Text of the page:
NEW YORK -- U.S. stocks yesterday registered their worst loss in almost seven weeks as reports signaled persistent economic strength that could drive up borrowing costs.
The Dow Jones industrial average tumbled 64.73 to 5,647.65, tracking bonds lower. Procter & Gamble Co. and General Electric Co. led the worst decline since July 15, when a host of companies warned profits would disappoint.
Beverage and drug companies paced the slide in the Standard & Poor's 500 index for a second day. The S&P; 500 lost 7.41 to 657.40. The Nasdaq composite index dropped 8.85 to 1,145.03.
The Russell 2,000 index of smaller shares declined 1.10 to 334.51; the Wilshire 5000 index -- an array of stocks listed on the NYSE, American Stock Exchange and the Nasdaq stock market -- fell 59.87 to 6,474.27; the American Stock Exchange market value index fell 2.05 to 562.34; and the S&P; midcap index lost 1.64 to 232.77.
Trading was the highest in a week at 321.1 million shares. Declining shares outnumbered those that advanced on the New York Stock Exchange by a ratio of 16 to 7.
Steel, chemical and semiconductor shares gained as those economically sensitive industries were seen benefiting most from stronger growth. USX-U.S. Steel Group rose 50 cents to $27.25 and Dow Chemical Co. climbed 25 to $79.375. Intel Corp., the biggest chip maker, rose 12.5 cents to $81.375, and National Semiconductor Corp. jumped $1.875 to $18.25.
The yield on the 30-year bond rose 5 basis points to 7.03 percent.
Steady-earning companies continued to slide. Coca-Cola Co. fell cents to $50.375 and drug maker Pfizer Inc. dropped $1.25 to $72.25.
Microsoft, the biggest software company in the world, grew at twice the rate of Coke in the past 12 months and trades at 30.7 times earnings for the fiscal year that began in June. Its shares fell $1.375 to $124.25 yesterday, less than Coke in percentage terms.
Among other stable-growth shares, drugmaker Merck & Co. sank $1.25 to $66.50; Procter & Gamble dropped $2.125 to $89.75; General Electric slid $1.625 to $84.75; and Disney fell 50 cents to $57.75.
PepsiCo Inc. fell $1.25 to $28.75 yesterday, bringing its loss this week to 8.2 percent. Investors made it the second-most traded stock again yesterday, after Goldman, Sachs & Co. removed the drink, snack and restaurant company from its "recommended list." Two days earlier, Merrill Lynch & Co. cut the company's earnings forecast for 1996 and 1997.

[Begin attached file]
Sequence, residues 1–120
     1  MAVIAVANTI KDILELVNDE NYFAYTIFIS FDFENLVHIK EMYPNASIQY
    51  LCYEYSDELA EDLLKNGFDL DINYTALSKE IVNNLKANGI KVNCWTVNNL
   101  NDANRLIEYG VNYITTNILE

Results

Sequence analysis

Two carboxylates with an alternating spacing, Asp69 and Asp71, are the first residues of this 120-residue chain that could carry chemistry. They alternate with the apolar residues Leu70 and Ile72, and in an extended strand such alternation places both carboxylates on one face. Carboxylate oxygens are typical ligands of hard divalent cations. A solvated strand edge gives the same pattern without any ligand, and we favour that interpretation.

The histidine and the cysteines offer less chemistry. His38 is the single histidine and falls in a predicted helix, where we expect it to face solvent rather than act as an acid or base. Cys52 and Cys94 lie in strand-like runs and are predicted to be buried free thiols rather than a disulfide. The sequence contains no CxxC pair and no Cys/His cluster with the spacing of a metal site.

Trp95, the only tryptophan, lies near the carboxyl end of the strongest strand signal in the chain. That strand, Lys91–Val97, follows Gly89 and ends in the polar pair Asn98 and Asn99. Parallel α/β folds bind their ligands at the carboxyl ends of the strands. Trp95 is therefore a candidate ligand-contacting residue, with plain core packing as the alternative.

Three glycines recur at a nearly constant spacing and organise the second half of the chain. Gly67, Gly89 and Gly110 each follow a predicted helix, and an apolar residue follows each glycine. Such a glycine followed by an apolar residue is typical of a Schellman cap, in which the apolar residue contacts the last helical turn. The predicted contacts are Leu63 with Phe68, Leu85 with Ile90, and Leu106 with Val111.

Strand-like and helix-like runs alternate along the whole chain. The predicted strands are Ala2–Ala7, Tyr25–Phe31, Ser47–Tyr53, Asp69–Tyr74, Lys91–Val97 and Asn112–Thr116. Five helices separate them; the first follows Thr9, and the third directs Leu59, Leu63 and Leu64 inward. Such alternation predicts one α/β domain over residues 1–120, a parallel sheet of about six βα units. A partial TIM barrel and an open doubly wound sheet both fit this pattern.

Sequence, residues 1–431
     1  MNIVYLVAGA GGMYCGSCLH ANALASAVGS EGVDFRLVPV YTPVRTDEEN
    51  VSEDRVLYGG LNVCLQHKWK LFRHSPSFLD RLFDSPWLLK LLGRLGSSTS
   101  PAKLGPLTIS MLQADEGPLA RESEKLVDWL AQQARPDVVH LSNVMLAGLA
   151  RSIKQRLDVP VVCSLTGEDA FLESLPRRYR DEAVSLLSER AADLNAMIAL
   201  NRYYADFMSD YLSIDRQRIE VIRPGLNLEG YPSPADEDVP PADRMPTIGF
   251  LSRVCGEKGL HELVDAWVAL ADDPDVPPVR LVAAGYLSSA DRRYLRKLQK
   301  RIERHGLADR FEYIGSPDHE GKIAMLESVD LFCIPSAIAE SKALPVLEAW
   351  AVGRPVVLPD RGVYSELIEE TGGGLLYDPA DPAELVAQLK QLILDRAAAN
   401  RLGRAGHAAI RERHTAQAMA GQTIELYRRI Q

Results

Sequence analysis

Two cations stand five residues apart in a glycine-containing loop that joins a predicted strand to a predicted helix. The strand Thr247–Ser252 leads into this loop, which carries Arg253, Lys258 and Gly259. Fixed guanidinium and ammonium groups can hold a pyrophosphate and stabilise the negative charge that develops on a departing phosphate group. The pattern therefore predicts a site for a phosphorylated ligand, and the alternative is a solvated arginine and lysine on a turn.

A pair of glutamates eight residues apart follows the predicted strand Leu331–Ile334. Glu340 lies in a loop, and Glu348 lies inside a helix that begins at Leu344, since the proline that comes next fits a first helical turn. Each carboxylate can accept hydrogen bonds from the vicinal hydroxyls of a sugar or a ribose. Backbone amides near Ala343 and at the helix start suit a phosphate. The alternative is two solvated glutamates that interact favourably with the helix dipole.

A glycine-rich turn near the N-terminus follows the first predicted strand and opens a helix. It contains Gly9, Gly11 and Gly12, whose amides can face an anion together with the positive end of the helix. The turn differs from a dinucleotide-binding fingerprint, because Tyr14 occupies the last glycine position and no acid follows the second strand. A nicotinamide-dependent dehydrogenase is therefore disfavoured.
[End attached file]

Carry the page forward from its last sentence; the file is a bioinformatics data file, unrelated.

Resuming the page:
Financial shares declined, with J.P. Morgan & Co. falling $1.125 to $88; Chase Manhattan Corp. slipping $1.25 to $75.875; and First Union Corp. dropping 62.5 cents to $64.875.
Housecall Medical Resources Inc. lost half its value after the home health-care company said it would report a loss in the fiscal fourth quarter. Its shares slid $7.25 to $7.25.
Among companies that rose, Sierra Semiconductor Corp. jumped $2.625 to $11.875 after the company said it would sell its modem chip line, a sign of a shakeout in that industry.
Structural Dynamics vaulted $4.625 to $27.25 after Ford Motor Co. said it would use the company's software around the globe to computer-test its cars. The order could be worth $200 million over five years.
Amtrol Inc. surged after it agreed to be acquired by Cypress Group, a private investment fund, for $218.9 million, or $28.25 a share. The water-treatment equipment maker rose $7.78125 to $27.328125.
BMJ Financial Corp. ascended $6.3125 to $20.3125 after Summit Bancorp. agreed to pay $164.5 million in stock, or $21.77 a share, for BMJ, a southern New Jersey thrift.
Starbucks Corp., the specialty coffee retailer that sells $3 Frappachinos, said same-store sales rose 9 percent in August. Its stock rose 87.5 cents to $33.
Systemsoft Corp. fell 62.5 cents to $31.375.
Pub Date: 8/30/96